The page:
2019-08-22 18:09:321 Oct 2018 01:53 AM EST
The second Democratic nominee in a week has dropped out of the race for the 2020 presidential election. Last week it was former Colorado Gov. John Hickenlooper, and this week it's Washington Gov. Jay Inslee.
The Democratic nominee field is still really crowded. We're still into double digits, over 20, but some are beginning to be more realistic about their chances.
For Hickenlooper, though, it's simply moving on to something else. A former geologist who moved on to being a brewery owner, he next became mayor of Denver for eight years, then moved right into being the governor of Colorado, leaving office after serving another eight years, his limit as a governor, in January of this year.
But he's really only switching his campaign. Instead of running for president in such a crowded field, he will instead challenge Sen. Cory Gardner in 2020. Democrats see that seat as necessary if they want to flip the Senate to Democratic control.
Inslee has been in politics a little longer. He was a member of the Washington House for four years, then the U.S. House for another two. After a break of four years, he served another 13 years in the House. He's been the governor in Washington since 2013.
He was the presidential candidate who was most interested in addressing climate change. He referred to it as "the most urgent challenge of our time" and insisted it should be a top priority.
His plan required prosecuting environmental laws in a new Justice Department office and a promise to put at least 40 percent of federal investments in clean energy in communities heavily affected by income inequality, pollution, and other climate-related areas.
But he struggled in the crowded Democratic presidential candidate field with many names that were much bigger than his. His poll numbers were around 1 percent and even lower, with an aggregate of polls giving him just 0.2 percent.
"It's become clear that I'm not going to be carrying the ball, I'm not going to be president, so I'm withdrawing tonight from the race," he announced to Maddow.
Inslee told his supporters in a letter that he was not meeting the Democratic National Committee polling threshold to qualify for the fall debates, though he'd amassed 130,000 campaign donors.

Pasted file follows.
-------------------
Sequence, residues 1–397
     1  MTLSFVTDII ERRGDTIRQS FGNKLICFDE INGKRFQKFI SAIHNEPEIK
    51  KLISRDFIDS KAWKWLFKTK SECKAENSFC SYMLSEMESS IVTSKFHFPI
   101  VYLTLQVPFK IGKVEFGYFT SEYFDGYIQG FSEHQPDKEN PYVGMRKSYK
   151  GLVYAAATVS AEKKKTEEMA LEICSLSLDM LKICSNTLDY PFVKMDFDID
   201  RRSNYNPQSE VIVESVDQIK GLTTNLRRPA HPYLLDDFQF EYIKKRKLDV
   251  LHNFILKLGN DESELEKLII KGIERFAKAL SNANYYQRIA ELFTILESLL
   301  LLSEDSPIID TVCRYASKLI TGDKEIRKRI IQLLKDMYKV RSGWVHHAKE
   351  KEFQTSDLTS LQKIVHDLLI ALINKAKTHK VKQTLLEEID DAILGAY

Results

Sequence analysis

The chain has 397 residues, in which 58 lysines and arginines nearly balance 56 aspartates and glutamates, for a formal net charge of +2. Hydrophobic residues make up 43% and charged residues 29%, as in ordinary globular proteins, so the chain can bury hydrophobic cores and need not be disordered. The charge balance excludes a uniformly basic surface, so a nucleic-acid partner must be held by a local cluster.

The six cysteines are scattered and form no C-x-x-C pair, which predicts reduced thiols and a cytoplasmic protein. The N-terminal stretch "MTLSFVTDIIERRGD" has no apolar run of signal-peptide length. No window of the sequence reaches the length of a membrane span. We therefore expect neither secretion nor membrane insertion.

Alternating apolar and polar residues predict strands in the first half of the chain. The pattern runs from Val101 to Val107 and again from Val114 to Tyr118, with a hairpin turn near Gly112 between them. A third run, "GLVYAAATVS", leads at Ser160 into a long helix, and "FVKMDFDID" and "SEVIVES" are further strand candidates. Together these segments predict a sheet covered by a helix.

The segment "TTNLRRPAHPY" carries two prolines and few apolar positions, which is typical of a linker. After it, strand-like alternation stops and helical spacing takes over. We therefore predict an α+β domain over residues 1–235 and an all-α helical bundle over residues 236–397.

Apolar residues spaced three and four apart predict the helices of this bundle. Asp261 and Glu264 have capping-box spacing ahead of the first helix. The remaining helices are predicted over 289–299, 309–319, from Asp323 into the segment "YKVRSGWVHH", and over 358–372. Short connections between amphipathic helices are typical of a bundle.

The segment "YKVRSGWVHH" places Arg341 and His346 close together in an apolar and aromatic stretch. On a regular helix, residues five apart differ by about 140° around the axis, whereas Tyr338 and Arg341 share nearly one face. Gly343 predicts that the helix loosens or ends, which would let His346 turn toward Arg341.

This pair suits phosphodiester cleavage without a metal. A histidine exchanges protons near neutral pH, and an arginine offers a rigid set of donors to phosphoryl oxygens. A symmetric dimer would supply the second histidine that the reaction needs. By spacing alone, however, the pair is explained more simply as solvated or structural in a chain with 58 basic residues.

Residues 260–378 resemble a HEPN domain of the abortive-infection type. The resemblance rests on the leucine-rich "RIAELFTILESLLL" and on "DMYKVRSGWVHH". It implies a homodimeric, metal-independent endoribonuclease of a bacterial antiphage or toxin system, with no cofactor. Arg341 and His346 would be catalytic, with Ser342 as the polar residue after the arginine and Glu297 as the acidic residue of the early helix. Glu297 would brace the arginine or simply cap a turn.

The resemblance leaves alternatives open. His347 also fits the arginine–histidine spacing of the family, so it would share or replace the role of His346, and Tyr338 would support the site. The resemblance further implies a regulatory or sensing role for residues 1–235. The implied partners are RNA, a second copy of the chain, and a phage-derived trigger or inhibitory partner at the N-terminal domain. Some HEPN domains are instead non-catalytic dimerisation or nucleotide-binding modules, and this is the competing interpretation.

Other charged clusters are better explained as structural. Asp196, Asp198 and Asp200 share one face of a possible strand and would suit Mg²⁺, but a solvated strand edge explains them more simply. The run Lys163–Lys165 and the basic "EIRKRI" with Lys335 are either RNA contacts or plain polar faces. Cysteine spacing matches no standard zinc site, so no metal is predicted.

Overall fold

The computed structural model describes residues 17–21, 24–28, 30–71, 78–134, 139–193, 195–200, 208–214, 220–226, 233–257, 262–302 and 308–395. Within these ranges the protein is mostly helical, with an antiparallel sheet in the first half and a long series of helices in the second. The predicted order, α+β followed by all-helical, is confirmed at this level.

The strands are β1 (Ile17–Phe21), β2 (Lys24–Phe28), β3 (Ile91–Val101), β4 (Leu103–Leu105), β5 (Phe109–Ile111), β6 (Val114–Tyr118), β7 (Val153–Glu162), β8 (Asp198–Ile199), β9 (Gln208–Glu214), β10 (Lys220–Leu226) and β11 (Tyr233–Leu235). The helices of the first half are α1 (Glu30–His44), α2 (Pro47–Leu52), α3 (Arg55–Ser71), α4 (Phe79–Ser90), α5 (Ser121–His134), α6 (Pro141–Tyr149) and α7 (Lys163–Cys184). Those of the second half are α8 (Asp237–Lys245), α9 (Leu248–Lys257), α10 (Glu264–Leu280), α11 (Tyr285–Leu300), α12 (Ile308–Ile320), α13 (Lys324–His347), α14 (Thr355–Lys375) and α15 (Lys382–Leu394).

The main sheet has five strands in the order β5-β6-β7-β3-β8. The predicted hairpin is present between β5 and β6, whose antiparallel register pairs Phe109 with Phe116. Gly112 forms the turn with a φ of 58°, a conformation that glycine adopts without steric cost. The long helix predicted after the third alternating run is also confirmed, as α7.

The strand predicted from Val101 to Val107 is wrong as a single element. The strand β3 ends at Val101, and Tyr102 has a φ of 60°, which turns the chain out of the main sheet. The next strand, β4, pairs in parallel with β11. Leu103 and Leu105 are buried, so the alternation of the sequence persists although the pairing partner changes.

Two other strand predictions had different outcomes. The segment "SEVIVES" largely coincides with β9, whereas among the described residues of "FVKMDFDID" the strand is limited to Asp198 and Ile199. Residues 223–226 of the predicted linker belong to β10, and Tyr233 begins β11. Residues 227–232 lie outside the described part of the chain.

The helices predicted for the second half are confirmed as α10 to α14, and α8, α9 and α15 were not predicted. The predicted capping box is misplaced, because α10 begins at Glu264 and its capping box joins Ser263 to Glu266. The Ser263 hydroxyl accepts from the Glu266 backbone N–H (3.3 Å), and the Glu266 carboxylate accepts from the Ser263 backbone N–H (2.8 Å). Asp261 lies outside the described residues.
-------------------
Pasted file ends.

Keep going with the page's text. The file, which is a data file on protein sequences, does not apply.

"As a result, I don't believe we can compete for the attention and exposure needed to have a reasonable shot at the nomination," he wrote.
He felt a success, however, in his ability to put such an emphasis on climate change. "In recent presidential cycles, climate change got little attention from the candidates, the DNC, or the media," the told his supporters.
"We vowed to change that in a big way and succeeded. Many of the campaigns started with little attention to climate, but since our campaign began, we've seen almost every serious candidate put out a climate plan; we've seen climate come up in both debates; and we now have two networks hosting nationally-televised climate forums in September."
While he wouldn't qualify for the fall debates, he also told Maddow he felt hemmed in by the design of the debates with candidates given such short time to express themselves on complex subjects.
Inslee didn't endorse any other candidate but said he'd support whoever becomes the nominee after the primaries.
"I think we're going to be just fine, ultimately," he said. "We just need to get to the business of unifying the party. I believe we will do that."
"Climate change is real, and it's a crisis — and I will keep fighting alongside you to take bold action before it is too late," Sen. Elizabeth Warren (D-MA), another Democratic candidate, tweeted to him after his announcement.
Fellow candidate Sen. Bernie Sanders (I-VT) followed suit: "Congratulations to @JayInslee on his impactful campaign to bring the climate crisis to the forefront of the national conversation," he tweeted.
"There is no more important issue facing humanity. Together we will work to pass a Green New Deal and create millions of jobs."
People close to Inslee have said he is likely to seek a third term as governor of Washington.
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